Venta Maersk: first containership passed Northern Sea Route

Venta Maersk entering Bremerhaven. Source:

Maersk Line’s containership Venta Maersk has almost completed her maiden voyage from Vladivostok to St. Petersburg through the Northern Sea Route (NSR). On 22 September the vessel arrived at Bremerhaven, having successfully passed the Arctic Ocean from the Bering Strait to the Norwegian Sea, and now on the way to St. Petersburg passing by Sweden, according to MarineTraffic.

This is the first Maersk vessel passing the NSR and, according to the shipping company, this unique passage is just a one-off trial aiming to “explore an unknown route for container shipping and to collect scientific data”.

As we wrote a year ago, СOSCO’s dry cargo carrier Lian Hua Song had passed from China’s port of Lianyungang to Russian Bronka port along the NSR for the first time in the history of the two countries’ relationships.

Now, Venta Maersk has become the first containership to navigate the Arctic sea route.

The newly built (2018) 3,596 TEU ice-class container vessel is specifically made to serve as a feeder vessel for the line’s Baltic Sea services.

Venta Maersk is loading at Fishing Port, viewed from Vladivostok Sea Commercial Port. Source: Reuters

Venta Maersk loaded frozen fish at the Vladivostok Sea Fishing Port, at the Far East of Russia on 23 August, then called at Busan, South Korea, to load electronics and thereafter headed north. The vessel completed the NSR sailing along Russia’s north coast from Busan to the Norwegian port of Kirkenes within 18 days. The whole route from Busan to St.Petersburg is estimated at about 30 days.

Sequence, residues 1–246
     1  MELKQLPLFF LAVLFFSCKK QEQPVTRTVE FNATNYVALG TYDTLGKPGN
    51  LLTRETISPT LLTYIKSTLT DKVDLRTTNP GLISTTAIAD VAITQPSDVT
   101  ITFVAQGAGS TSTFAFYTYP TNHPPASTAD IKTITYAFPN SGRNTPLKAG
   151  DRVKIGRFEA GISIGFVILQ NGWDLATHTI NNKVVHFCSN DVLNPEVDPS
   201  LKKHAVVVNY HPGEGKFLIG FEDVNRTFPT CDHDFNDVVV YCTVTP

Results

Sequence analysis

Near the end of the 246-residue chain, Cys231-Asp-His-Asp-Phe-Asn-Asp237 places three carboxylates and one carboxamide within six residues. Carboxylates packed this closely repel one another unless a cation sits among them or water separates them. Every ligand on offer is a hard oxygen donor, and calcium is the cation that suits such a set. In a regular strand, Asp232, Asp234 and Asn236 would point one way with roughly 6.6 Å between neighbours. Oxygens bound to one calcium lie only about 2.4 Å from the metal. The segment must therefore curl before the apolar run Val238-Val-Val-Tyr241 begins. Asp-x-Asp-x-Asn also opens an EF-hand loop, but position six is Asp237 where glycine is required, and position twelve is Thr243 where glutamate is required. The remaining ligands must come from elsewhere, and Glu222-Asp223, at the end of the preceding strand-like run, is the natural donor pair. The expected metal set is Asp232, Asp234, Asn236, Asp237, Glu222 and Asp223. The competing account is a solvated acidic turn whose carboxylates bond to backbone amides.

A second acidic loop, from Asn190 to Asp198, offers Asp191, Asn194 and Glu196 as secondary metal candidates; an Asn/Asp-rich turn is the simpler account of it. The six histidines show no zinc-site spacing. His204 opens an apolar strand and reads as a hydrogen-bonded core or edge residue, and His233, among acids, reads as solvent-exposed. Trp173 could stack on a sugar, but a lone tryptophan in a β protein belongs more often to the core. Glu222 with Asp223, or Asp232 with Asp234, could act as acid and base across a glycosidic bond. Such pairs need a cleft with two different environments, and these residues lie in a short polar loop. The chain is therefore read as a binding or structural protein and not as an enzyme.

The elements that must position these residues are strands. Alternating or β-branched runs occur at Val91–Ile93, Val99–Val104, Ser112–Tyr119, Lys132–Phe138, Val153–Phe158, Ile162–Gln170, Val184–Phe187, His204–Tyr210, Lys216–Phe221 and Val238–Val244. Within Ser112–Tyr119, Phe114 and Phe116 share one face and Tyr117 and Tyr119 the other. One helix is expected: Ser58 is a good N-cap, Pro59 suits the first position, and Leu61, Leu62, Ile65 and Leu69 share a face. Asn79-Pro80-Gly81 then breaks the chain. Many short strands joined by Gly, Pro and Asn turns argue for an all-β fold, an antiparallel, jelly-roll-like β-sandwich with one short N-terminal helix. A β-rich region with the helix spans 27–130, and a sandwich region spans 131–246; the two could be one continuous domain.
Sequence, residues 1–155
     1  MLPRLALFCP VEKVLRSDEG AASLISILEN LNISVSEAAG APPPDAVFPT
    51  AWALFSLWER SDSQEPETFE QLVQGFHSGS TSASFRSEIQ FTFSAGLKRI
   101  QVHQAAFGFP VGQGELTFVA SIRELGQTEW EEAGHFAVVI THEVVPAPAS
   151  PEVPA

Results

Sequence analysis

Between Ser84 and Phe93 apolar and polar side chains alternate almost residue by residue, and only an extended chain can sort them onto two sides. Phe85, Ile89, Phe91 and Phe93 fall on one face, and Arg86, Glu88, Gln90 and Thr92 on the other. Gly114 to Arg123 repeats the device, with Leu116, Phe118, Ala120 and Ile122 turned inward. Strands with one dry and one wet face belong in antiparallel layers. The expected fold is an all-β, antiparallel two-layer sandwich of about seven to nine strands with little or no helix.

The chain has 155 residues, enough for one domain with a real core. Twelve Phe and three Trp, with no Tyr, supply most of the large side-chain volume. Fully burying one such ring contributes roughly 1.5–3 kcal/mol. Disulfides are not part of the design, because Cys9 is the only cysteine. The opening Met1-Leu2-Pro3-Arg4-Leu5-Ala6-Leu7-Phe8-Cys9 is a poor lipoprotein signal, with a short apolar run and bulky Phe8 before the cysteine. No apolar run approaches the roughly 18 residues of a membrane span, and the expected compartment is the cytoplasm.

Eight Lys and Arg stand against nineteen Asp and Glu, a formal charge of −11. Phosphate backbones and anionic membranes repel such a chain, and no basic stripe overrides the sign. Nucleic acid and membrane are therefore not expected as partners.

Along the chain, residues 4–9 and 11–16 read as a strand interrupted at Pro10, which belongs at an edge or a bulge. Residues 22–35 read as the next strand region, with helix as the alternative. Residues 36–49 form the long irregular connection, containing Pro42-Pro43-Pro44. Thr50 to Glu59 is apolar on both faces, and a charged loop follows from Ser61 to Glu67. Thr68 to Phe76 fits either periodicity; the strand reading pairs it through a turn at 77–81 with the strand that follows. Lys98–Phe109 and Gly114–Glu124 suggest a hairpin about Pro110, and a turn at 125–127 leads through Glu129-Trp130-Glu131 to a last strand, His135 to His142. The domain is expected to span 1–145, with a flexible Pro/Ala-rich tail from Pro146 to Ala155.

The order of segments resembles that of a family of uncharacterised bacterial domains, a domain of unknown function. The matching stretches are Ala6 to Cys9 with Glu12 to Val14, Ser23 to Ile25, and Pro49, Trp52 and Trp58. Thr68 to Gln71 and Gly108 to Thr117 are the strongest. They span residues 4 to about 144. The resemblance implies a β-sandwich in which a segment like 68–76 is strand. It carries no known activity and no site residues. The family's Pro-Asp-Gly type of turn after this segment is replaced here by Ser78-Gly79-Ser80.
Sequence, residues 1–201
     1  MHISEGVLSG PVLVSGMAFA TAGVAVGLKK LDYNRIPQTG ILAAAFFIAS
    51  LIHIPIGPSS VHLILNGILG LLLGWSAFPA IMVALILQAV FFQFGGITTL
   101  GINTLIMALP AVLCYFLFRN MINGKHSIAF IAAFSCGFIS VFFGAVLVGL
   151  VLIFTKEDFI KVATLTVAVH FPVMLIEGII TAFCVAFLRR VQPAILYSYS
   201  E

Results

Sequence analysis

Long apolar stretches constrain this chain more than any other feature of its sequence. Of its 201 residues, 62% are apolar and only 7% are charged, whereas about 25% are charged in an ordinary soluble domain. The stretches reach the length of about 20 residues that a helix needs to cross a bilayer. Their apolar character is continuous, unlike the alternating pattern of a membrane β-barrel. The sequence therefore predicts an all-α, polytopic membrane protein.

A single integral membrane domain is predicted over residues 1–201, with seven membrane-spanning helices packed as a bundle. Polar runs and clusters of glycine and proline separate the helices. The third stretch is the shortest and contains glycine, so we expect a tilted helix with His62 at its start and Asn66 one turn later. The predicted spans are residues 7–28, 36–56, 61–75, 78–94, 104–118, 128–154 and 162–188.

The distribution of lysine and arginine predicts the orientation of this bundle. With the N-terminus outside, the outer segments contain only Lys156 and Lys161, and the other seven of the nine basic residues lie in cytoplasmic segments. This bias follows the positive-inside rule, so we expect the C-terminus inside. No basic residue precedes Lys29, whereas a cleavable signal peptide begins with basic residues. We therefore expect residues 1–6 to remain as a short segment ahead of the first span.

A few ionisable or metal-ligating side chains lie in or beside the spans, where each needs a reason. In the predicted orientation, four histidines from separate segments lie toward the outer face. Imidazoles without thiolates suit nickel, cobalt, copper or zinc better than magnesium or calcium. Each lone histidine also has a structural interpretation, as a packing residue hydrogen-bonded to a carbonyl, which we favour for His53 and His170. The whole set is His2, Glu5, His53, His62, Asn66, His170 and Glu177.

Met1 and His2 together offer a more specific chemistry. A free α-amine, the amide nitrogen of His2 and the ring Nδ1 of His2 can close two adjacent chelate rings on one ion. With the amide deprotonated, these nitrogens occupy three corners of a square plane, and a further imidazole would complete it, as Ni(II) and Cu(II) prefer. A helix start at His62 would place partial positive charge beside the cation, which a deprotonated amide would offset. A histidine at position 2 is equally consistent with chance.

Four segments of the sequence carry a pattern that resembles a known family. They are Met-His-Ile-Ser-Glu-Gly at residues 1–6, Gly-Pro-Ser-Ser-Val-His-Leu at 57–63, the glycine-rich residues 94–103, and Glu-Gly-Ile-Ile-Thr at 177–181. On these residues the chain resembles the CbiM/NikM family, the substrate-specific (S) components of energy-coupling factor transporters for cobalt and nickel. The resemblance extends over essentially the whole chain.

Up to now, the passage has been largely reserved for tankers and gas carriers but now is becoming more popular, due to the reduction of ice in the Arctic, shorter transit times as compared to the Suez Canal, and the development of port infrastructure that is being implemented by Russia.

However, Maersk said in a statement: “Currently, we do not see the Northern Sea Route as a commercial alternative to our existing network… Today, the passage is only feasible for around three months a year which may change with time.”

At the same time, just recently Russia has announced that since 1 January 2019 it will ban sailing of foreign-made vessels within the Russian waters. The ban is aimed at protecting the national shipbuilders, however scarce they are. Although this includes the NSR waters, Vice Prime Minister Yuri Borisov commented that initially, some types of foreign vessels would be allowed to pass the Northern Sea Route. How long this initial period will last and what these vessel types are, he has not disclosed.

Julia Louppova:
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